«It’s a journey into the discovery of love, or better, the rediscovery of love. A love giving us new eyes, and a new vision of our beloved one». This is how Damiano Michieletto describes his new production of Orfeo ed Euridice by Christoph Willibald Gluck, on stage at the Komische Oper in Berlin, beginning Sunday 23 January 2022. The opera, a co-production with the Spoleto Festival, marks Damiano Michieletto’s return to the Komische Oper, where in 2016 he produced Massenet’s Cendrillon, and to the city of Berlin, where he recently – in February 2021 – staged Janáček’s Jenůfa at the Saatsoper.

«The story begins with a couple in crisis, worn out by routine, by time and habit – says the Italian director – Orfeo and Euridice no longer have that spark of love: he no longer sees her, he doesn’t recognize her presence. At this point it’s as if Amore challenges him by taking his woman away. Euridice dies and only then is Orfeo able to regain his feelings, to recreate that spark of love. Only then does he get his vision back and the chance to see who Euridice really is for him. His descent into hell is thus a metaphor of the deepest acknowledgement of his lover – concludes Michieletto – it’s almost a lesson on the concept of love, on what it means and what its value is in our lives».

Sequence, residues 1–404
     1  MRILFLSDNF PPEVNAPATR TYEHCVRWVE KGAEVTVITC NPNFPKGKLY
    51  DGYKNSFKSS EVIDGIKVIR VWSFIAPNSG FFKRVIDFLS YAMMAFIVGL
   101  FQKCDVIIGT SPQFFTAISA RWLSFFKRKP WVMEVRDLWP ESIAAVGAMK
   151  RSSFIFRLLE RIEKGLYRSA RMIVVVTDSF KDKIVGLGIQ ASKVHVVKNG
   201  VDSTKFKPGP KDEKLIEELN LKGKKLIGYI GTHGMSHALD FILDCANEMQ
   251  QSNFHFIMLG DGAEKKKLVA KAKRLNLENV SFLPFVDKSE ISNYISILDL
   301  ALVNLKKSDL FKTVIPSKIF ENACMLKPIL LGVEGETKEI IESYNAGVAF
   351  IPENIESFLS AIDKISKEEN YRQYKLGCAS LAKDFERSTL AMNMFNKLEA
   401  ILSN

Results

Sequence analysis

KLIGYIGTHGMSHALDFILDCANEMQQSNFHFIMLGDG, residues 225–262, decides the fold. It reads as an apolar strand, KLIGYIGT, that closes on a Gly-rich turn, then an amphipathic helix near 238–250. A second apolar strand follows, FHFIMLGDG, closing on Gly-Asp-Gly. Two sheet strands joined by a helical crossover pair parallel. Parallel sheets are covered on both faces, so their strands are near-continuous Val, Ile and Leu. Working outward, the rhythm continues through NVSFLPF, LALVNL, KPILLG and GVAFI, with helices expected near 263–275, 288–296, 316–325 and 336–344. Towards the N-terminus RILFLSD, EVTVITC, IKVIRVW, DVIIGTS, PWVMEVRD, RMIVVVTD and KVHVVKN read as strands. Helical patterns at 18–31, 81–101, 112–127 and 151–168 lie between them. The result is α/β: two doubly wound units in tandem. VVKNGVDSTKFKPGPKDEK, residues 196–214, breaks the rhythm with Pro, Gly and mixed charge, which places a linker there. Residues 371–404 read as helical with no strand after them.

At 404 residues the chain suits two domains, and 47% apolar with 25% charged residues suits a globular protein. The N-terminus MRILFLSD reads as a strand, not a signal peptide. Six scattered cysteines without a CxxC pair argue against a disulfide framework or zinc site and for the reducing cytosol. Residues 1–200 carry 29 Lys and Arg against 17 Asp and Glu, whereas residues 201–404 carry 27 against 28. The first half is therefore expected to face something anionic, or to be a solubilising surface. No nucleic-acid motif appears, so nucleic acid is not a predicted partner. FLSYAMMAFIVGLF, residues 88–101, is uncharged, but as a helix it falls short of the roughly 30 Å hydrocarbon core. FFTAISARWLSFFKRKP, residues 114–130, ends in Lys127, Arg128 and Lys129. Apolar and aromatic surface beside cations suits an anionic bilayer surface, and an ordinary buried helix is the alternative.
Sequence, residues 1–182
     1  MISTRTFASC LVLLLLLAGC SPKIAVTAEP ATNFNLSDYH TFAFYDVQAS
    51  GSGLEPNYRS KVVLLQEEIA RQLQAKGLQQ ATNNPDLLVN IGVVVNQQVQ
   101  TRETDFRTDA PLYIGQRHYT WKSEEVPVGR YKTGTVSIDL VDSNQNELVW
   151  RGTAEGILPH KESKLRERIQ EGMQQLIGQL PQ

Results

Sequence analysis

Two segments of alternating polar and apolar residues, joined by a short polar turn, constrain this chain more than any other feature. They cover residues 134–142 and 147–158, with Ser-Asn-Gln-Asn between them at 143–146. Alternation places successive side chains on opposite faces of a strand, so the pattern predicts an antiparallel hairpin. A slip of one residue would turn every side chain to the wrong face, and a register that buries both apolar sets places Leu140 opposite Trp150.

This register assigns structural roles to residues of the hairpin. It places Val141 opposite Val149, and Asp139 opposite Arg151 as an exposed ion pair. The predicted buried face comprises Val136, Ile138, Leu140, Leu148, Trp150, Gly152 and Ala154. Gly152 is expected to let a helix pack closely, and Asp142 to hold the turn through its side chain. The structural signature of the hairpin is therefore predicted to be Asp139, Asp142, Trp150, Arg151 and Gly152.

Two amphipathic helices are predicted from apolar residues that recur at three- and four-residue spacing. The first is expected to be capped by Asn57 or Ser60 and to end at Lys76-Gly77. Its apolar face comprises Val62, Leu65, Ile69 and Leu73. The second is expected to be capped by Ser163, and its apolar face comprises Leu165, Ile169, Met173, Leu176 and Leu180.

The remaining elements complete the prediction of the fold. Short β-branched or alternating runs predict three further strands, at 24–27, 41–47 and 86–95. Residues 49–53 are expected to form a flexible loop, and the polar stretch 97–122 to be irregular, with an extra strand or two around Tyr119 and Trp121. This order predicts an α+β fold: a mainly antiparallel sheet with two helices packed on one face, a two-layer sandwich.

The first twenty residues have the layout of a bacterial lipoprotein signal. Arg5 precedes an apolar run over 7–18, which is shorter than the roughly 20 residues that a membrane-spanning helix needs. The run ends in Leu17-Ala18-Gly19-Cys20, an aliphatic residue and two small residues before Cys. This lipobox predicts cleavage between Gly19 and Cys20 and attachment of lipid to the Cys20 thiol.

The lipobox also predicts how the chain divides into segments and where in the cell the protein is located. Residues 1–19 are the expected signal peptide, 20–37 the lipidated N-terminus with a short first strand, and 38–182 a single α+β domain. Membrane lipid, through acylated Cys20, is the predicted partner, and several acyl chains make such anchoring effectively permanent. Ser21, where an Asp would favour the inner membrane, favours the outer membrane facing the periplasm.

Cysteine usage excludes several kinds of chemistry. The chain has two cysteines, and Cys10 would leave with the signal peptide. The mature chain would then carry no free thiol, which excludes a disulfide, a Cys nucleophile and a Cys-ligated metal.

The opera is conducted by David Bates. Next to Michieletto are Paolo Fantin, who will be designing the sets, Klaus Bruns working on the costumes, and Alessandro Carletti creating the light design. Choreographies are by Thomas Wilhelm. The Orchestra is from the Komische Oper and the Chorus is the Vocalconsort Berlin trained by David Cavelius.

The lead interpreters are Italian singer Carlo Vistoli, one of today’s most sought-after countertenors worldwide, who has already interpreted Orfeo at the Opera di Roma, and soprano Nadja Mchantaf as Euridice, who has already worked with Michieletto as the protagonist of Cendrillon and of Die Lustige Witwe. Next to them is soprano Josefine Mindus in the role of Amore.

Orfeo ed Euridiceazione teatrale with music in three acts on a libretto by Ranieri de’ Calzabigi, is presented in the Italian version, which premiered in Vienna in 1762.

The following shows at the Komische Oper are on 29 January, 6, 12, and 25 February, 6 March, and 3 and 7 July.

Carla Monni